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Ken Loach has joined a growing chorus of complaints against the BBC for perceived political bias ahead of the upcoming British general election.
The veteran filmmaker and two-time Palme d’Or winner called out the public broadcaster for favoring the Conservative Party in its political coverage and its negative portrayal of Jeremy Corbyn, the left-wing leader of the Labour Party.
“The press and the broadcasters really do everything to denigrate him,” he told The Hollywood Reporter. “I think the one thing that emerges is the bias of the press, particularly of the BBC, which is in such a very special position. It’s disgusting…unbelievable. And they’ve really got to be called into question.”
Loach added that there was a “built-in sneer” from the BBC against Corbyn, who he has openly declared his support for.
Several BBC reporters have been criticized of late for political coverage that is claimed to have breached the broadcaster’s impartiality guidelines.
Political editor Laura Kuenssberg, who has come under repeated fire for her unsympathetic reporting of Corbyn, was found by the BBC Trust to have inaccurately reported the Labour leader’s views over shoot-to-kill policies in a report in November 2015. Kuenssberg was also attacked via social media over a tweet about Conservative spending fraud during the election in 2015, labeling the incident — in which more than 20 members of parliament are being investigated by the police — merely as a “mistake.”
Likewise Nick Robinson, the former BBC political editor and now a presenter on its influential political radio show, Today, was recently called out for a tweet April 20 in which he said: “no-one should be surprised that @jeremycorbyn is running v the ‘Establishment’ & is long passion and short on details. Story of his life.”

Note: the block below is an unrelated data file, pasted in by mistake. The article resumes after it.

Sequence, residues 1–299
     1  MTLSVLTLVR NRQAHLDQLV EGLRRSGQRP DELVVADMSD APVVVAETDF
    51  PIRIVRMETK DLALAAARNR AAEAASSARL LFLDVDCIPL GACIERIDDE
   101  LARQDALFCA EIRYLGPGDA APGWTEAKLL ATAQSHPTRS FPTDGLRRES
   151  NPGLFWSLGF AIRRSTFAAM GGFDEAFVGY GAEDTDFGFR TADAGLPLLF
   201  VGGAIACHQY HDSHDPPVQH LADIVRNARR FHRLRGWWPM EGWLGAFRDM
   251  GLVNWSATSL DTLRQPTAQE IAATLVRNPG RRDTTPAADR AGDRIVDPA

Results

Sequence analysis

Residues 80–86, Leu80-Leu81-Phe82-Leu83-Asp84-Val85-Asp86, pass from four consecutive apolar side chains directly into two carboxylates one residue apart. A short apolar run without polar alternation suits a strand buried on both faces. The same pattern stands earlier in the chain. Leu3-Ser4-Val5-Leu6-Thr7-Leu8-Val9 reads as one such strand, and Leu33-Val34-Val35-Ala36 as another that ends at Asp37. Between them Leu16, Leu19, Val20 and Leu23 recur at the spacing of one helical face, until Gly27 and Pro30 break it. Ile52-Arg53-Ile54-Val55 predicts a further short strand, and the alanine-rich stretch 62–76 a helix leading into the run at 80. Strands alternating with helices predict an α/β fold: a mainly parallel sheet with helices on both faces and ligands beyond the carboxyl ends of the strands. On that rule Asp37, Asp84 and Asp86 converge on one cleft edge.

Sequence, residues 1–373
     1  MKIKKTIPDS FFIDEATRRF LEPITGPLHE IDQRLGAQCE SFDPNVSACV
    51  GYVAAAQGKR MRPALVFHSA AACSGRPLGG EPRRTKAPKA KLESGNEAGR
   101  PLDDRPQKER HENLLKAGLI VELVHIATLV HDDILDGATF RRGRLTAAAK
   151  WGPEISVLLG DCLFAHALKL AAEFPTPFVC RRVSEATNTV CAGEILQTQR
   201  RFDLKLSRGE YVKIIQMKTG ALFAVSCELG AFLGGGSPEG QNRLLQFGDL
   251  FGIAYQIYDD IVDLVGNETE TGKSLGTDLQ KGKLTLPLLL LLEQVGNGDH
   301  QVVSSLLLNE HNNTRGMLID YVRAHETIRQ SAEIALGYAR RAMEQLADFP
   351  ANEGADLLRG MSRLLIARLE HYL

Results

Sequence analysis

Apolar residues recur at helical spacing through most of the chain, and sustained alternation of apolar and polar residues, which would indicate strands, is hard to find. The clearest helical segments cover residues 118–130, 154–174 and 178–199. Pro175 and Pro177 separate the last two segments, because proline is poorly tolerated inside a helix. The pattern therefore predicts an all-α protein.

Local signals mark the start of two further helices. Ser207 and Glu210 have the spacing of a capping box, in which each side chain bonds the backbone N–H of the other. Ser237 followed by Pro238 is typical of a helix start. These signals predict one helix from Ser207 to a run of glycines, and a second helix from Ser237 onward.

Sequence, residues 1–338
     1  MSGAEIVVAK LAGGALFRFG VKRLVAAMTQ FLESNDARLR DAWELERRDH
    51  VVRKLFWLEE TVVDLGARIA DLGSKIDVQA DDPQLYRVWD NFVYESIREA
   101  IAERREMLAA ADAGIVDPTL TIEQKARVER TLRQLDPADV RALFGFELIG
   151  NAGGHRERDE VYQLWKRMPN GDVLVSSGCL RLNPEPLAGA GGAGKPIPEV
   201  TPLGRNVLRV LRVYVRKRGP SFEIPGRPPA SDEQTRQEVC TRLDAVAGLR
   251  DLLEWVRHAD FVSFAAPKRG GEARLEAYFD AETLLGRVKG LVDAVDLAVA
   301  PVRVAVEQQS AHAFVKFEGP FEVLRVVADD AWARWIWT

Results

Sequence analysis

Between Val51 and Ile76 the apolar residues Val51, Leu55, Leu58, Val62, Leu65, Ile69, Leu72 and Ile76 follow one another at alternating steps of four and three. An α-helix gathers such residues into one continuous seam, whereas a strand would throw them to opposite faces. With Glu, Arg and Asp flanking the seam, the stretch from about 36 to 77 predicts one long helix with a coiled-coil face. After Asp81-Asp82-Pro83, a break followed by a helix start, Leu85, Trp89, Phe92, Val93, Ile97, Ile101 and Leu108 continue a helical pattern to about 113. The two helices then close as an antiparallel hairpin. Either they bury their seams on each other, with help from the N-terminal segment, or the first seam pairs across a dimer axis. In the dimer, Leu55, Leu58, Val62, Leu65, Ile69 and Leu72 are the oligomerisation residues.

As Loach highlighted to THR, Robinson’s outspoken opinion regarding Corbyn could be explained by the BBC presenter’s own Conservative political leanings. “He’s a Tory! He was chair of the Young Conservatives at Oxford University,” he said, claiming that biased coverage negatively affects the chance for real democracy.
“I think it calls into question the fairness of the election. If you can’t have a free and balanced press, I don’t think you can have a free election.”
In response, Robinson said in a statement: “I judge Ken Loach by the quality of the work he produces. He is a great film maker. I think he should judge me in the same way – by the impartial interviews I do which are rigorous with all sides.”
According to the documentary Versus: The Life and Films of Ken Loach, the veteran filmmaker came out of retirement following the victory of the Conservatives in the 2015 election, directing I, Daniel Blake, which took aim at the “conscious cruelty” of the U.K.’s benefits system. The acclaimed film would go on to win the Palme d’Or and become his most successful title to date. (It also came under attack from Conservative MPs who claimed it wasn’t true).
Asked whether he might get back behind the camera should the Conservatives win again June 8, Loach, now 80, admitted he wasn’t sure.
“I don’t know. At this time of the day I think, yes, it’s worth it. But first thing in the morning, I struggle,” he said. “We’ll have to see.”
A BBC spokesperson, in response to this article, later added: “”BBC News is independent and adheres to clear editorial guidelines including on impartiality. The BBC is consistently rated the most trusted and accurate news provider by the majority of people in the U.K. As such the BBC will continue to cover the general election in a balanced, fair and impartial way.”
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